Did You Know: Seafloor Gravity
We can use the Earth's gravity to map the sea floor.
Produced by the Space Telescope Science Institute’s Office of Public Outreach in collaboration with the NASA Earth Observatory (https://earthobservatory.nasa.gov/).
Story adapted from Image of the Day post by Mike Carlowicz: https://earthobservatory.nasa.gov/images/87189/seafloor-features-are-revealed-by-the-gravity-field
- Gravity map of the ocean floor based on data from the ERS-1 and GEOSAT satellites: Scripps Institution of Oceanography, UC San Diego
- Global Marine Gravity v.23.1, based on data from CryoSat-2 and Jason-1 satellites: Scripps Institution of Oceanography, UC San Diego, 2014
- Written by Margaret Carruthers
Text, Did you know? Gravity and the sea floor.
We can use Earth's gravity to map the sea floor. A picture of the Pacific Ocean, east of Australia.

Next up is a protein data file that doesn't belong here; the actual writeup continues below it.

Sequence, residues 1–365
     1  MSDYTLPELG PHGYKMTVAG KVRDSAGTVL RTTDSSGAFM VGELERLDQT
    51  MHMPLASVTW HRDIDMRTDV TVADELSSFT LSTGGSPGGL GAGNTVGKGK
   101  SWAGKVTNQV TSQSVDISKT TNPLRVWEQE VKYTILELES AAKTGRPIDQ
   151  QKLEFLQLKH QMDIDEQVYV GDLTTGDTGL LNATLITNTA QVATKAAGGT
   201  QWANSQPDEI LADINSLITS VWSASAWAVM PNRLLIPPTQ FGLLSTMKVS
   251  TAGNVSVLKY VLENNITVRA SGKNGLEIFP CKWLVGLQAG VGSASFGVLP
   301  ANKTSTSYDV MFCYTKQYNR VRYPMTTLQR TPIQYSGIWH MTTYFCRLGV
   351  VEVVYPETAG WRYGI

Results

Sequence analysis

Text, Two-thirds of Earth's surface is covered with water. We can't see the ocean floor from space because the seawater blocks our view.
But we can use satellite data to make gravity maps of the ocean floor. A gravity map of the ocean floor based on data from the E.R.S. 1 and GEOSAT satellites by the Scripps Institution of Oceanography, U.C. San Diego. Low gravity is dark blue near New Zealand, in grey. High gravity is orange, running parallel to it. Text, Earth's gravitational pull varies slightly from place to place. It is stronger over underwater mountains, where there is more mass. It is weaker over submarine valleys, where there is less mass. The deep blue low gravity area is labeled Valley. Text, Slight variations in gravity reveal landforms hidden deep under water. Picture of Global Marine Gravity, version 23.1, based on data from CryoSat 2 and Jason 1 satellites, by the Scripps Institution of Oceanography, U.C. San Diego, 2014. Trenches and mountains are dark blue and orange. Text, On a gravity map, we can see mid-ocean ridges, deep sea trenches, fracture zones, and lines of seamounts. Seamount at center left, mid-ocean ridge at bottom left, fracture zone at bottom center, and trench at top center. Text, Scientists can use satellite gravity data to map tectnoic plate boundaries, and to figure out how Earth's surface has changed over time.